Fourteen year old Benjamin Bannister looked like a carbon copy of their grandfather Jared as he shouldered his sword, or at least a copy of what Jared would have looked like had he actually been a human teenager.

Charlie carefully tossed his blade to Ben, who took both swords inside to be cleaned. Charlie tipped his face to the fading evening sun, letting the crisp autumn breeze dry the beads of sweat on his forehead. He stretched his wings as wide as he could, easing out the cramps from holding them tight to his body while he fought.

Closing his eyes, he mentally reviewed the match. He hadn't sparred in months, and it showed. Though he'd technically beaten his brother, his moves had been stiff and jerky. The match had consisted mainly of Charlie desperately parrying Ben's bruising blows. For a fourteen year old, Ben was extremely strong. A whole head shorter than Charlie, Ben was nonetheless sturdy, just like their grandfather. And if Karen had been sparring, he thought with a grin, she would have pummeled the both of them.

Charlie had only managed to win by feinting and then ducking around Ben's parry, bringing his sword around in a quick chop that stopped a few inches from his brother's neck.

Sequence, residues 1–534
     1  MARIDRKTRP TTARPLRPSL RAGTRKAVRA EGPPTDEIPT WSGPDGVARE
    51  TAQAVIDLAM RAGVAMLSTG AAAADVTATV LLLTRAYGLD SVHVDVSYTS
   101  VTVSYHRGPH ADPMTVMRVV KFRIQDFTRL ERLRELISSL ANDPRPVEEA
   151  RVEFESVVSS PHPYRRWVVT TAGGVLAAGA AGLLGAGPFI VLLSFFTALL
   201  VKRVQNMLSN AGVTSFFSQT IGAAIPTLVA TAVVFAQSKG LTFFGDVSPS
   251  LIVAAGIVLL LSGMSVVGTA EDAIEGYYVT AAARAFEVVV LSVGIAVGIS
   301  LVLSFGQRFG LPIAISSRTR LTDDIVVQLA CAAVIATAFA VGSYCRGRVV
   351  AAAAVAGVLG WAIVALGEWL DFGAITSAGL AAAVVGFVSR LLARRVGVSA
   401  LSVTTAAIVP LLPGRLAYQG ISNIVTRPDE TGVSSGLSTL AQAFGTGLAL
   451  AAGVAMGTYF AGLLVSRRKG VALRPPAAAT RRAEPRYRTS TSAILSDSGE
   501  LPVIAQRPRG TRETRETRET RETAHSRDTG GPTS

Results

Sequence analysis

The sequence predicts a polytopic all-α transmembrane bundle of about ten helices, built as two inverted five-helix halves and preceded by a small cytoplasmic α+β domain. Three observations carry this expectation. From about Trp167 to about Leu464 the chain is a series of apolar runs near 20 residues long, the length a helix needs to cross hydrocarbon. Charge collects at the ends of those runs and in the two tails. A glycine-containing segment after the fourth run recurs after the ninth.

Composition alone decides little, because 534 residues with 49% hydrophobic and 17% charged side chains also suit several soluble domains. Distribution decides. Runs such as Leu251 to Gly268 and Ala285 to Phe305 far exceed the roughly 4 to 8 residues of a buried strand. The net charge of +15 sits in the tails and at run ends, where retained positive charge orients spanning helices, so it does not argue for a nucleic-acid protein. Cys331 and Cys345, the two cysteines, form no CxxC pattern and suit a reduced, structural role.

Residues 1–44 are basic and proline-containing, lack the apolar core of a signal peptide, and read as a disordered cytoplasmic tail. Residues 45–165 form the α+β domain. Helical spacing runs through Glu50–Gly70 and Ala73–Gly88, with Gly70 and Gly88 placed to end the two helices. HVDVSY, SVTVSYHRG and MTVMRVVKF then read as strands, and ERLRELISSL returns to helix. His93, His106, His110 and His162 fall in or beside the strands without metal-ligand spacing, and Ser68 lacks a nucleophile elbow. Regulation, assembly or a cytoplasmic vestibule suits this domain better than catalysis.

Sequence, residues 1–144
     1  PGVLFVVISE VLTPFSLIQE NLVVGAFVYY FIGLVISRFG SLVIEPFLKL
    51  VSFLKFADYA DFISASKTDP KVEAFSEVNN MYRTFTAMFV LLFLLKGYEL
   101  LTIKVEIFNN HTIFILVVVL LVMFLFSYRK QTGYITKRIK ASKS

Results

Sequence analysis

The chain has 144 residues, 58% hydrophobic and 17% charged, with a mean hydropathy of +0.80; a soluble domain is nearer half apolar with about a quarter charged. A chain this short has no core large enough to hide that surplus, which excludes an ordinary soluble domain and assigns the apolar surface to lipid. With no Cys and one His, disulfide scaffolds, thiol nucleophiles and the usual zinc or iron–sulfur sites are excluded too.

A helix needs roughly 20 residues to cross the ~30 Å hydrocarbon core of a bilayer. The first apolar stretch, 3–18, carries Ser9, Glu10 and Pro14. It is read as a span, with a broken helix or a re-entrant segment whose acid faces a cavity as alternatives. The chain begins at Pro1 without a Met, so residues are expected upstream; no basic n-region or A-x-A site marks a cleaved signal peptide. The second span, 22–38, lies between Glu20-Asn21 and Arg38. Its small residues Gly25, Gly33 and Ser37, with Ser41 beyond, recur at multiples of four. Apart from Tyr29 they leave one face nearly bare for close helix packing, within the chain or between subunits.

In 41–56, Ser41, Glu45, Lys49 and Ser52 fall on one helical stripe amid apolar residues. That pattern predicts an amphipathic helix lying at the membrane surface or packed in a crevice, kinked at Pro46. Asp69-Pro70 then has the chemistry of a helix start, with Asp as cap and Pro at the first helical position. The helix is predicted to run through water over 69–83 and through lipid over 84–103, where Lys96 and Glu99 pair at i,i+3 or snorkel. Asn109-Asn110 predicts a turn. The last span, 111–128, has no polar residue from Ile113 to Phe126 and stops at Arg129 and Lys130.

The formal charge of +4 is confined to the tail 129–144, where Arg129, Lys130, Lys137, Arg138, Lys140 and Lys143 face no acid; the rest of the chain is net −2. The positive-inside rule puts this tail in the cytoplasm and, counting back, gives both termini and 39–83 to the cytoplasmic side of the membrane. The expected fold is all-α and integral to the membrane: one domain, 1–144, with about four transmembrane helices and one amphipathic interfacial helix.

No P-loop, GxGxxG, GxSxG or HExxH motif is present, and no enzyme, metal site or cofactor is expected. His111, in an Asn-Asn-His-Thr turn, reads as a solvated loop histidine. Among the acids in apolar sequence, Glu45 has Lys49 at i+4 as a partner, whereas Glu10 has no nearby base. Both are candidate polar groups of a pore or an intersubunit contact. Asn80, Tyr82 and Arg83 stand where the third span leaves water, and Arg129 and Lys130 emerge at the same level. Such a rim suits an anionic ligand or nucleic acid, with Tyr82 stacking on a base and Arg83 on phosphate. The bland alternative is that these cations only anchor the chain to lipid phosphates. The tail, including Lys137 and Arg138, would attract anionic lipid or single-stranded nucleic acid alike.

Plus, Charlie was the one panting like their dog Clefspeare on a hot day. Ben had walked off with a spring in his step.

As Charlie walked the short distance across the yard to the house, he wondered what the neighbors must think. Swordsmanship was not exactly a normal American pastime. But, then again, Charlie's family was decidedly not normal.

He slipped into the house, shuffling his feet across the mat, and paused as he passed the kitchen. He grinned. His mother stood inside by the stove. With a book in one hand and a spoon in the other, she stirred a pot of marinara sauce absently while her eyes traveled along the inky lines of the page. Knowing his mother, the thick volume was probably not a cookbook. The kitchen was not her preferred domain.

Quietly, he crept up behind her. With a sudden movement, he grabbed her shoulder, speaking as he did so, "Hey, Mom, reading on the job again?"

His mother jumped, drops of red sauce spattering the stove. She spun around, and Charlie jumped back to avoid being whacked in the face by her wings. When she saw it was him, she rolled her eyes and smacked him lightly. "Charlie, go do your homework."

"All right, all right." He started toward the stairs, but not before snatching up a couple pieces of chicken from a plate on the opposite counter. He popped one into his mouth. His chewing slowed, savoring the meat. He shoved another piece into his mouth; it was good. He instantly felt bad about his shock. His mother's meals were always…edible.